January 27, 2014 - Monday of the Third Week in Ordinary Time

2 Samuel 5:1-7, 10
Psalm 89:20-22, 25-26
Mark 3:22-30

What a frightening statement Jesus makes today! No forgiveness for eternity, if we blaspheme the Holy Spirit. Some people have taken this literally and feared that they have committed this unforgivable sin. They have come to believe that, no matter how sorry they are, God will not save them. This is not true. There is no sin which we cannot repent of. Indeed, the unforgivable sin is failing to repent.

What does it mean to blaspheme? It means to speak with contempt about holy things. Someone who has contempt for the Holy Spirit cannot be healed by the Holy Spirit. Jesus is offering freedom from evil spirits, but the scribes accuse him of offering this freedom under false pretense. What if one of those scribes were possessed by an evil spirit? Would he let Jesus free him by the power of the prince of demons? Probably not. So he would be forever bound.

It is like someone who has been poisoned and needs an immediate antidote. The one mistake which they must not make is to despise the antidote. If is sick and needs to start eating a healthy diet, the one mistake which they must not make is despising the advice of their doctor. They can call their doctor a mean old man, so long as they eat their vegetables.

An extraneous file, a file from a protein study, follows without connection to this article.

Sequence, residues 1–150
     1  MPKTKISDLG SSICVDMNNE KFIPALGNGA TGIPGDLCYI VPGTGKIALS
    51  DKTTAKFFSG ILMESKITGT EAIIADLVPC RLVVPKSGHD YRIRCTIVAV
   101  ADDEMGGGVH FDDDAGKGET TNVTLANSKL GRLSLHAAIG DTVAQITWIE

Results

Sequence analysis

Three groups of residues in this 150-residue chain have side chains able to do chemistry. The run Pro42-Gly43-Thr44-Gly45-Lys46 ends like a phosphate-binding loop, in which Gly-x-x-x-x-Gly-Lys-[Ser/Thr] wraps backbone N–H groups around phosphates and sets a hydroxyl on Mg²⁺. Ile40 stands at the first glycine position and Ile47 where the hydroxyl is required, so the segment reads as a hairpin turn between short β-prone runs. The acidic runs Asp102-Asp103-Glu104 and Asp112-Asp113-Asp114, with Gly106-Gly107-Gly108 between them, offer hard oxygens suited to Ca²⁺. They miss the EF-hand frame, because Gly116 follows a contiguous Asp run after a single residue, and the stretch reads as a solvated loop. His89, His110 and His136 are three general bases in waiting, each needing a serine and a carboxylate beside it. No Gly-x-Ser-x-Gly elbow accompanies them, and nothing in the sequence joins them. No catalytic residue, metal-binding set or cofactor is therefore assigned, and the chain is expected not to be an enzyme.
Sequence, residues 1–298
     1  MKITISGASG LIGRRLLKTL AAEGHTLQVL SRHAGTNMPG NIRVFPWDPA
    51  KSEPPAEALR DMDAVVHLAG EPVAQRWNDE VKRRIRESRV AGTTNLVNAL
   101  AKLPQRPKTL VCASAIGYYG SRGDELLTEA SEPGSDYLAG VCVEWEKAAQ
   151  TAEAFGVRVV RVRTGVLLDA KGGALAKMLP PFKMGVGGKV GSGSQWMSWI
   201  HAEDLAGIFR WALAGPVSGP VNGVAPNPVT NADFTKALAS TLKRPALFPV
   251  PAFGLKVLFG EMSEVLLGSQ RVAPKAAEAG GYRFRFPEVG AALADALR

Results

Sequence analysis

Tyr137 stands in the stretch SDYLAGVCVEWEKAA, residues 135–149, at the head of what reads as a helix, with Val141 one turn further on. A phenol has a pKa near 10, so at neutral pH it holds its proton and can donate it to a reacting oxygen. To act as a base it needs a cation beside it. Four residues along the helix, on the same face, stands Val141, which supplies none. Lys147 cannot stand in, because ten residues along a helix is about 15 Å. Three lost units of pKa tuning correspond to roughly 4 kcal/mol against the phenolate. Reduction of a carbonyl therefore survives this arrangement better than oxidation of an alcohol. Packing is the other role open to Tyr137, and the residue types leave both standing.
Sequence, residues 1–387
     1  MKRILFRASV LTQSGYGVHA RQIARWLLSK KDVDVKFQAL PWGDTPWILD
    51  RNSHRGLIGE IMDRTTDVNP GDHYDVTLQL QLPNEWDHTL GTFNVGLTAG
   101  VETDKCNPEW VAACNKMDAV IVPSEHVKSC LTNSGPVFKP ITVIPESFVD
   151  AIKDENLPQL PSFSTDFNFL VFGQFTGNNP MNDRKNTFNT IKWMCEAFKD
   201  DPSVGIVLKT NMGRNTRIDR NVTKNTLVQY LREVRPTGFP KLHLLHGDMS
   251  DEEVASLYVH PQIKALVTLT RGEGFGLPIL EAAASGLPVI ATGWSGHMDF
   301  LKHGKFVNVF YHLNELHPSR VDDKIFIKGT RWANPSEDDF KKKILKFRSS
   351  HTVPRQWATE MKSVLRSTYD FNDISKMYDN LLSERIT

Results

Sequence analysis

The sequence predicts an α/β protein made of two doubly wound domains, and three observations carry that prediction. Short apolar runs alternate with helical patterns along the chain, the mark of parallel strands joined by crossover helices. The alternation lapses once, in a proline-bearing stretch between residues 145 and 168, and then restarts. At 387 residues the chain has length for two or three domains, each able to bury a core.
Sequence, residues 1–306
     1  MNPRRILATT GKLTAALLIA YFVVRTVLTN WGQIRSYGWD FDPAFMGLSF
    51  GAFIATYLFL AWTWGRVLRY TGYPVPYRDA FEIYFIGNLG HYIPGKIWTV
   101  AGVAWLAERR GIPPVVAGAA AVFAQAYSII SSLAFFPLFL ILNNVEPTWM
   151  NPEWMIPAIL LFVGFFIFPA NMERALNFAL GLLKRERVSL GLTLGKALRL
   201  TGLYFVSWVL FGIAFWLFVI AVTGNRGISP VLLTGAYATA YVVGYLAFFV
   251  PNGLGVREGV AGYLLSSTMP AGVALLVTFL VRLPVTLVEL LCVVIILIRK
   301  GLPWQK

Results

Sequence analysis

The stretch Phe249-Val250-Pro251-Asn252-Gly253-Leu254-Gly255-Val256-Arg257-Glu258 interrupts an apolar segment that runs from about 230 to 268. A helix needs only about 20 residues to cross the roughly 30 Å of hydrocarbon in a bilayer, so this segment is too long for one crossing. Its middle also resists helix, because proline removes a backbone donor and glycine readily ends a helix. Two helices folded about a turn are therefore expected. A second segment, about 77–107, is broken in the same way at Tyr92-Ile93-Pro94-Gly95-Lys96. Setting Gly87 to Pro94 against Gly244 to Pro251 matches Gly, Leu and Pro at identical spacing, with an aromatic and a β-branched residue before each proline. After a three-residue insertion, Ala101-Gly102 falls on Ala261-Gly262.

When Jesus is talking about forgiveness, he is referring to the path of forgiveness. Anyone who starts down the path of forgiveness can be cured of all their sins, but if their sin is to refuse to make the journey of repentance, they necessarily remain forever in their sins. How could Jesus forgive the sin of despising forgiveness?

Which, then, merely leaves the question, why did Jesus call it “blaspheming the Holy Spirit” rather than “blaspheming forgiveness”? If he had said “blaspheming forgiveness”, we would understand right away, but because he said, “blaspheming the Holy Spirit” some people believe that because they once said something bad about the Holy Spirit they cannot be saved. Perhaps it was because the scribes would in principle believe in forgiveness, but they rejected the means of forgiveness.

If a person, in principle, believes that oxygen is necessary for life, but rejects breathing, they will die. It is necessary not only to accept forgiveness, but to accept forgiveness as it actually can be had. If a person believes in forgiveness but will not go to a priest and confess their sins and be forgiven by the power of the Holy Spirit, what good does that do them?